Remote Education & Training: How To Secure Courses And Educational Materials From Sharing And Piracy

Remote education and training are already widely available, but it’s a competitive market, and security is still being overlooked, especially in the case of online courses.

New, affordable enterprise-level software-as-a-service options that allow companies to customize learning and development plans, as well as courses and online content, are available.

These can be used as part of the enterprise learning and development pipeline to quickly create personalized learning programs for employees and members of the community. However, that education also comes at a price — security is only part of the challenge. 

Traditional sharing of educational materials occurs in a number of different ways, some of which are the same as other forms of content theft.

Remote Education & Training

For example, a person may commit theft by copying a course or course materials and then posting them online. However, the implications and consequences of this form of copyright infringement are even more severe in a learning environment.

The downloader of the course or educational material is not only stealing the product, but also the time, effort, and money that went into producing it.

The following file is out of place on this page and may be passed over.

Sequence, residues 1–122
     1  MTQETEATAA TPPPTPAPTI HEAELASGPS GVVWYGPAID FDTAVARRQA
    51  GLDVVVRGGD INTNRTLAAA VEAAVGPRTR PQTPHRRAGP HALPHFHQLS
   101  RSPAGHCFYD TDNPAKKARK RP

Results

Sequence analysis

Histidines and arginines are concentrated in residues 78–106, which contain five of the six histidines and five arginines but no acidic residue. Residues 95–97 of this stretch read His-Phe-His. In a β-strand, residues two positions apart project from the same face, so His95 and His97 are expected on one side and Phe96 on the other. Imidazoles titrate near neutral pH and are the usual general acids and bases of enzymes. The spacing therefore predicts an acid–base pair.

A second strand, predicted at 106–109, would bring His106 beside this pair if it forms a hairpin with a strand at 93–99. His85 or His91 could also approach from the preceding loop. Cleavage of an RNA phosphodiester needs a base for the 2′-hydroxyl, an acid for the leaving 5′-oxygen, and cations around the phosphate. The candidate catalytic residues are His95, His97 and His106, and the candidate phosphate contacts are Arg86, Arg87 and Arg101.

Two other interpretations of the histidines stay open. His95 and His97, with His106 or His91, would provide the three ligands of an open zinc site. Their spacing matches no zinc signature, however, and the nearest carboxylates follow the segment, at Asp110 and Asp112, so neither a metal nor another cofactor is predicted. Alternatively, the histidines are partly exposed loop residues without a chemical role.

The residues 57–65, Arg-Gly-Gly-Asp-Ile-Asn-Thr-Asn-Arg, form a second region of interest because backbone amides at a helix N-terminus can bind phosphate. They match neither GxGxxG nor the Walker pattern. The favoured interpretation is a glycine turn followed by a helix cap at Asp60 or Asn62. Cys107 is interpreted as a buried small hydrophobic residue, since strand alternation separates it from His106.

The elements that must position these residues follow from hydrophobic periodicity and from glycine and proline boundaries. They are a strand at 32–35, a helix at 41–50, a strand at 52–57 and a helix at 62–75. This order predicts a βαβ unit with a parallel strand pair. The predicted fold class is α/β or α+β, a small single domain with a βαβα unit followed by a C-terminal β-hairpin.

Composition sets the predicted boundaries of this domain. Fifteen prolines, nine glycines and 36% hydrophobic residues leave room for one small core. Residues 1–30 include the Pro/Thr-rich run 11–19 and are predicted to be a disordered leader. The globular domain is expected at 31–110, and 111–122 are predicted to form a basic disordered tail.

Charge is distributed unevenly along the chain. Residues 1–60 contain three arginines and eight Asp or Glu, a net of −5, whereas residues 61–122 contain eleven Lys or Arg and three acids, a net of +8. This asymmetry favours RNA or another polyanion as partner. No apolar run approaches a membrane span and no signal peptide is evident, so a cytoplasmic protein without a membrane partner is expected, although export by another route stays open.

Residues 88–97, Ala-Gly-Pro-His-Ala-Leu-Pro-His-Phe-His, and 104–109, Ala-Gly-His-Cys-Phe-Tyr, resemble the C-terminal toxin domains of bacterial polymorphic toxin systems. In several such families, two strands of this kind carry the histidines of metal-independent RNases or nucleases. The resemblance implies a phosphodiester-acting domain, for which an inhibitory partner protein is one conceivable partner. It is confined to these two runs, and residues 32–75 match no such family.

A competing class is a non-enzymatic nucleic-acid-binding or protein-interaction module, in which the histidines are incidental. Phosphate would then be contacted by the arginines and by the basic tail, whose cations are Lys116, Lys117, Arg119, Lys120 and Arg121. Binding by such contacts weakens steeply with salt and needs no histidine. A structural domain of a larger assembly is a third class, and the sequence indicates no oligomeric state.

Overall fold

Furthermore, this person is possibly taking away the ability of a person to get the course for free, or at least under a license that allows for widespread distribution. 

Additionally, this person is more likely to sell the program on online or retail sites and make money from it. Again, this person is taking something that wasn’t theirs and placing their financial value on it. 

Even if the downloader does not accept a profit, their information and actions leave a far larger digital footprint that can be used to identify them and affect their career, so it’s not a great option. 

Sharing of course and educational material over the Internet

There are several different ways the sharing of course and educational materials can occur. One is by “ripping” (copying a CD-ROM or DVD and forwarding it to others for download).

Another method is to copy course materials, apply patches and distribute them online, or simply to link to another website or web-based discussion forum in which other people have discussed a course.

Another form of sharing is to broadcast lectures to friends or colleagues, as was done with MIT’s TV Lectures. This is also known as “e-learning TV.” 


If you’re not taking steps to secure course materials, they can be easily stolen, along with the time, effort, and money associated with creating them.

A person who decides to share a course or curriculum with their friends or colleagues has little incentive to do anything beyond linking to the course, which they’ll never view.

In a number of scenarios, it can be expected that someone will learn from watching the video and continue to learn from it later.

Unfortunately, these resources remain vulnerable to damage and theft when they’re provided online, or sent as attachments to email and shared without proper security measures. 

Securing data, preventing IP theft, and sharing

Before sharing learning or educational materials, it’s essential to assess the privacy and security of the person receiving your information.

If you don’t know, you should do some additional research. But, if you do know them, you should make certain that you have done your due diligence. Find out the following: